Prolonged head-down-tilt (HDT) bed rest has been used to simulate hemodynamic changes that occur when humans are exposed to microgravity and often results in orthostatic intolerance (5, 7). We conducted the present study to determine the effects of simulated microgravity on cerebral hemodynamics during orthostatic stress. We hypothesized that a decrease in CBF velocity would be observed at lower levels of LBNP after bed rest, associated with a reduction in orthostatic tolerance. Furthermore, we speculated that these changes also would be associated with an increase in the correlation between variations in arterial pressure and CBF velocity, indicating an increased dependence of flow velocity on changes in pressure and impairment of cerebral autoregulation.
Twelve healthy subjects (11 men and 1 woman) with a mean age of 24 ± 5 yr, height of 185 ± 23 cm, and weight of 79 ± 3 kg were studied. No subject used recreational drugs or tobacco products or had chronic medical problems. No subject was an endurance-trained athlete, and subjects were excluded if they exercised for >30 min/day more than three times a week, using either dynamic or static exercise. Subjects were screened by using medical history and a physical examination, electrocardiogram, and echocardiogram. All subjects signed an informed consent document approved by the Institutional Review Boards of the University of Texas Southwestern Medical Center and Presbyterian Hospital of Dallas.
After an initial series of baseline experiments, head-to-foot gravitational gradients were reduced by placing the subjects at complete bed rest, with −6° HDT. Subjects were allowed to raise up on one elbow for meals but otherwise were restricted to the head-down position at all times. Subjects were housed in the General Clinical Research Center at the University of Texas Southwestern Medical Center and given a standard diet consisting of 2,827 ± 609 cal/day, including 5.2 ± 1.2 gm/day of sodium. Fluids were allowed ad libitum, but all fluid intake and urine output were carefully recorded. All experiments were repeated after 18 days of HDT.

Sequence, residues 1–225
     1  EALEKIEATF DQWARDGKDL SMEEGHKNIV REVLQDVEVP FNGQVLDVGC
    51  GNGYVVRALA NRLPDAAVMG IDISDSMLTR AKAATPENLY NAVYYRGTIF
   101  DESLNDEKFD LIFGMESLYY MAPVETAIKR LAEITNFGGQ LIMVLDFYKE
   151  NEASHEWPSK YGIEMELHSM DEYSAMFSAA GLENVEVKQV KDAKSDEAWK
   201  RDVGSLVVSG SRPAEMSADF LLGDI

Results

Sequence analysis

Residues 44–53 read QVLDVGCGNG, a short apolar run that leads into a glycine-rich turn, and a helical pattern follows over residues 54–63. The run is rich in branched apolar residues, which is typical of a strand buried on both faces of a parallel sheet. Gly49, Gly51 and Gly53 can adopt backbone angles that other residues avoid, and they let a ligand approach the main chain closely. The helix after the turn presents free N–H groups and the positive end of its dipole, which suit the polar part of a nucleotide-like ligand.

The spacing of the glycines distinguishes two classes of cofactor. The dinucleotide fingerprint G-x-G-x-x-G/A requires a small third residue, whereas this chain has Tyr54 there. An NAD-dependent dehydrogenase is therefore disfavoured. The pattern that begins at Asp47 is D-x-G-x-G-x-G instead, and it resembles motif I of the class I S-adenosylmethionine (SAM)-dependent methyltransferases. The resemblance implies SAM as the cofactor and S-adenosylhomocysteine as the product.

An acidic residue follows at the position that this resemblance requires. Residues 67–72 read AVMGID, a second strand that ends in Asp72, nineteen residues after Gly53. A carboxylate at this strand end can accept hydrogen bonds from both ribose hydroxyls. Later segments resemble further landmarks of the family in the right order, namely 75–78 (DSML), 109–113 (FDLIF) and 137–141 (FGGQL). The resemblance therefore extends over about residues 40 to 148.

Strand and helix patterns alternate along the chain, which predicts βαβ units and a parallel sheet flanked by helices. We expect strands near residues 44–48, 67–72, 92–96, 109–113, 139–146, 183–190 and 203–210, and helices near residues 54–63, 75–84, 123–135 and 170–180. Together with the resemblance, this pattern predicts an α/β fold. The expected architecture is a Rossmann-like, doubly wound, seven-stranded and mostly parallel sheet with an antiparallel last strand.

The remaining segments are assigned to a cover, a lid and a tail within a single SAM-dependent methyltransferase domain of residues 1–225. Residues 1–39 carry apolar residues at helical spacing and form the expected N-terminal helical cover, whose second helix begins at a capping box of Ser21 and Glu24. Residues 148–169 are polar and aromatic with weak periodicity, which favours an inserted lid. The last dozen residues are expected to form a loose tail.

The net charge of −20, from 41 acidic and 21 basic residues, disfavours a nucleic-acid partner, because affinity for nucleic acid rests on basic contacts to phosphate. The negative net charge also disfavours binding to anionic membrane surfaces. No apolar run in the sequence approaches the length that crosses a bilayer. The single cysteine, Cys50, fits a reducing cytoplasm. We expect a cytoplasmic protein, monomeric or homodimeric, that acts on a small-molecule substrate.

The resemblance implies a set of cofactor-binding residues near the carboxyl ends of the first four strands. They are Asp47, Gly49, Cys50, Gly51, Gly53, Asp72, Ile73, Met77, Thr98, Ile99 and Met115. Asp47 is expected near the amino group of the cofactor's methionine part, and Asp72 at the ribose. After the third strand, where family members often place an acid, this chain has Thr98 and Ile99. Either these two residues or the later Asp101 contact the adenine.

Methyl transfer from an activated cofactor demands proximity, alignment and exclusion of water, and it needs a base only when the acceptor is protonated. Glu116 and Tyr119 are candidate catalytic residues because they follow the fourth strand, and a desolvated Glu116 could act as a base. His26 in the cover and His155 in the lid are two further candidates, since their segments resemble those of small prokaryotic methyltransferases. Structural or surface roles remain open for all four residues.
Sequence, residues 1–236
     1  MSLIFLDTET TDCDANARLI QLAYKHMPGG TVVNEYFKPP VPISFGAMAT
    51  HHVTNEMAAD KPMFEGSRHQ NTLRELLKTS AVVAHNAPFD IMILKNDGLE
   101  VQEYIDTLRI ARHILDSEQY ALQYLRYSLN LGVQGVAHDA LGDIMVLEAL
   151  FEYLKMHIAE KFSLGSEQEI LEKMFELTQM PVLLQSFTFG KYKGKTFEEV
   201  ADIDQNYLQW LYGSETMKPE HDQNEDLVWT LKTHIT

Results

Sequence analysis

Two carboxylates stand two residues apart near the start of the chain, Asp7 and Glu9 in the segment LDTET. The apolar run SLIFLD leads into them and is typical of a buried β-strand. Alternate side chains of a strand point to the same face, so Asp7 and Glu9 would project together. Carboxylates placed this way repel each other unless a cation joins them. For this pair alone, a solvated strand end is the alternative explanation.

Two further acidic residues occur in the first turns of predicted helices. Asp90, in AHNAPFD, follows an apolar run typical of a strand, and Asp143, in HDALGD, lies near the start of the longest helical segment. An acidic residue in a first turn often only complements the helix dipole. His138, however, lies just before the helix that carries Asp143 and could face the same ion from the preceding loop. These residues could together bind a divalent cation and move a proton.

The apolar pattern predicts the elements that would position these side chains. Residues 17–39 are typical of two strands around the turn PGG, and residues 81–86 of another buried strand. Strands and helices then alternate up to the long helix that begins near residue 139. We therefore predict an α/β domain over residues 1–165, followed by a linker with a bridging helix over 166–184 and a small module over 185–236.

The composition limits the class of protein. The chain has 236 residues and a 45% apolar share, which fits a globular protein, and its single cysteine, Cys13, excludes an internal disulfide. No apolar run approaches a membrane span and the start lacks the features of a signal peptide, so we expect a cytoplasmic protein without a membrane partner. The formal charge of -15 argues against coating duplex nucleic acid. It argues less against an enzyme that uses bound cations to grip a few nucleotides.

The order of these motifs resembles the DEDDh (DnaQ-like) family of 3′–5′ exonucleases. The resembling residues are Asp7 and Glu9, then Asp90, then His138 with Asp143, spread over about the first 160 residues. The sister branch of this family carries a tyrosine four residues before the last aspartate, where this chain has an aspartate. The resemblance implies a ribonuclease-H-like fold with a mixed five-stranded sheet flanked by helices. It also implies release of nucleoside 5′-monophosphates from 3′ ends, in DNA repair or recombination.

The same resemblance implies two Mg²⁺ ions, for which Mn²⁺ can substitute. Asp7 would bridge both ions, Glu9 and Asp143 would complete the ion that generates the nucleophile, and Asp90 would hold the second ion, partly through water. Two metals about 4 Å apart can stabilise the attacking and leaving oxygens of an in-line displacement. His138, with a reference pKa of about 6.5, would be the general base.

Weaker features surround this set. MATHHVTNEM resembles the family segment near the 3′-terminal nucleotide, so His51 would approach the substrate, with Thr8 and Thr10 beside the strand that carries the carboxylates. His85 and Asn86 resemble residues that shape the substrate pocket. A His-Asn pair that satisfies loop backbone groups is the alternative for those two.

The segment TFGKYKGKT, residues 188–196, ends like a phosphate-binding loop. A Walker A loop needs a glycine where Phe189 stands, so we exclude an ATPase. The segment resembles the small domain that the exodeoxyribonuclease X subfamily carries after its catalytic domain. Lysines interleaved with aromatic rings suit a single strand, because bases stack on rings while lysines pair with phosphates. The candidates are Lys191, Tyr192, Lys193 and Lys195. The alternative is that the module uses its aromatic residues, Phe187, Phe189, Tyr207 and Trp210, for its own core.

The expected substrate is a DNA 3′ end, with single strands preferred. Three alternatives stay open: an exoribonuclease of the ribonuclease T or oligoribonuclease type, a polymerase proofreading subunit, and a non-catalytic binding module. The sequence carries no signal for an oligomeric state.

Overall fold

Progressive LBNP was used to decrease central blood volume in a graded fashion and facilitate physiological evaluation during orthostatic stress. Subjects were placed in a Plexiglas LBNP box that was sealed at the level of the iliac crests. Suction was provided by a vacuum pump and controlled with a variable autotransformer. Pressure differential between the chamber and atmosphere was measured with a mercury manometer. After at least a 30-min baseline period of quiet rest, the magnitude of the suction was increased in a stepwise fashion according to the following protocol: −15 mmHg × 5 min, −30 mmHg × 5 min, −40 mmHg × 5 min, −50 mmHg × 3 min, and increasing negative pressure increments by −10 mmHg every 3 min to the point of maximal tolerance. LBNP was discontinued if the subject developed signs and/or symptoms of presyncope: sudden onset of nausea, sweating, light headedness, bradycardia, or hypotension (sustained systolic blood pressure <80 mmHg). Orthostatic tolerance was assessed by using the cumulative stress index, calculated as the sum of the products of the duration of LBNP and the magnitude of the negative pressure at each level (mmHg × minutes).